On Dec. 11, 1980, David L. Dent, a 35-year-old unemployed maintenance man, was indicted by a D.C. Superior Court grand jury on charges of armed robbery, kidnaping and sexual assault.

He has consistently said he is innocent, and he has never been tried on the charges. But he spent 11 months in D.C. psychiatric wards before a judge, based on the evaluations of a divided group of doctors, decided he was mentally ill, incompetent to stand trial and unlikely to become competent in the future. The U.S. attorney's office then asked the D.C. Superior Court Mental Health Commission, a court-appointed panel of two psychiatrists and a lawyer, to commit Dent to an institution on the grounds that he was dangerous.

After a hearing the commission determined, according to a report filed in court, that although three psychiatrists believed Dent was mentally ill, he could not be committed because he did not meet the legal requirement for commitment: that he be found to be dangerous as a result of his illness.

Today Dent is a free man, living with an aunt in Northeast Washington, and unlikely ever to stand trial on the charges on which he was indicted.

Although what happened to him is unusual--veteran lawyers estimate that such cases might occur twice a year--it points to an apparent gap in the system. On the one hand, Dent spent more than a year in confinement even though he was never convicted of a crime. He received treatment while psychiatrists were evaluating his competency, but after it was determined that he could not stand trial the court was unable to provide treatment for him nor order him to obtain it.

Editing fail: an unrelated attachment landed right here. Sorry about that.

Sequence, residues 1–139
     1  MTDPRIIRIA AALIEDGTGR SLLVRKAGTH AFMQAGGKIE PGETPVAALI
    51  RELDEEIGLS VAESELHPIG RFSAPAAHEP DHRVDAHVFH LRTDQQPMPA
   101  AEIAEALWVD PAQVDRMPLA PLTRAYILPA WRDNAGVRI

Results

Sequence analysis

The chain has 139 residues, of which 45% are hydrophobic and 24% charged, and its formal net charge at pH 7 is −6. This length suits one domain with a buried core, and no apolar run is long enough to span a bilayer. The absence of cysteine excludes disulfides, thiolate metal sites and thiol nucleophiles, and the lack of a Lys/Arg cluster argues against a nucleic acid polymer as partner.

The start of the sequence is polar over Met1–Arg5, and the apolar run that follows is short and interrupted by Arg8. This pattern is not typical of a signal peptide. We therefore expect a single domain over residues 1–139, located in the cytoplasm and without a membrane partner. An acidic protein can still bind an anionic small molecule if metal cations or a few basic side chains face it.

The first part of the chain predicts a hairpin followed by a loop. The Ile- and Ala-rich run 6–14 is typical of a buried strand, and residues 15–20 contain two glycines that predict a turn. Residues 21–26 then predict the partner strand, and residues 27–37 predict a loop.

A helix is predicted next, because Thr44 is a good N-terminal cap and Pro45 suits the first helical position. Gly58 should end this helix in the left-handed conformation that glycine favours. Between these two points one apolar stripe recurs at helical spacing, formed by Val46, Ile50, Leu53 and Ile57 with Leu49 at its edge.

On the other hand, a serious crime was committed for which no one has been tried, leaving prosecutors, police, victims and psychiatrists frustrated and angry.

The outcome of the case was "a sad thing," said D.C. Police Detective Susan Roberts, who arrested Dent. "It's one thing if he's going to be in St. Elizabeths," she said. "It's another thing if he's going to be out on the streets."

Janice Armstrong, who was attacked at knifepoint in September 1980 on Capitol Hill, was frustrated by the fact that the case never came to trial. "I feel angry, but I'm not terribly surprised," she said. "I've heard enough about sexual assault cases to know you don't often get convictions. It's a real shame . . . . It was the most terrifying experience I've ever had."

Mental health commission chairman James Gardiner, a lawyer, said the existence of criminal indictments alone was "not enough" for the commission to order Dent to be committed.

"The hospital failed to convince myself or the commission regarding dangerousness," he said.

"As far as I am concerned," said Robert Madsen, a staff psychologist at St. Elizabeths Hospital who testified before the mental health commission on Dent's case, "we don't care about guilt or innocence. That is not our function; that is the function of the trial courts. We render opinions regarding mental illness."

Defense lawyers and prosecutors declined commment on the case. Dent could not be reached for comment.

According to court records, Dent has one conviction, for petty larceny in Maryland in 1979. The records state that he repeatedly told psychiatrists he was innocent of the kidnaping, armed robbery and sexual assault charges and that his arrest was a case of "mistaken identity."